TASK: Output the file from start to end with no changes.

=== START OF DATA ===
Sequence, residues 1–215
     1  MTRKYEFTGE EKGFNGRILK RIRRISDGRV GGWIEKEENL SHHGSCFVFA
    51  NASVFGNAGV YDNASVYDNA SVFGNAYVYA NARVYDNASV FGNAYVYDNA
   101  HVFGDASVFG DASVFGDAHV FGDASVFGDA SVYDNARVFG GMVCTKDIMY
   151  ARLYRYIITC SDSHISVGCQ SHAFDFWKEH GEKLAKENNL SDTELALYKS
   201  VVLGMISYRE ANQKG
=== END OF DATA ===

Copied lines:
Sequence, residues 1–215
     1  MTRKYEFTGE EKGFNGRILK RIRRISDGRV GGWIEKEENL SHHGSCFVFA
    51  NASVFGNAGV YDNASVYDNA SVFGNAYVYA NARVYDNASV FGNAYVYDNA
   101  HVFGDASVFG DASVFGDAHV FGDASVFGDA SVYDNARVFG GMVCTKDIMY
   151  ARLYRYIITC SDSHISVGCQ SHAFDFWKEH GEKLAKENNL SDTELALYKS
   201  VVLGMISYRE ANQKG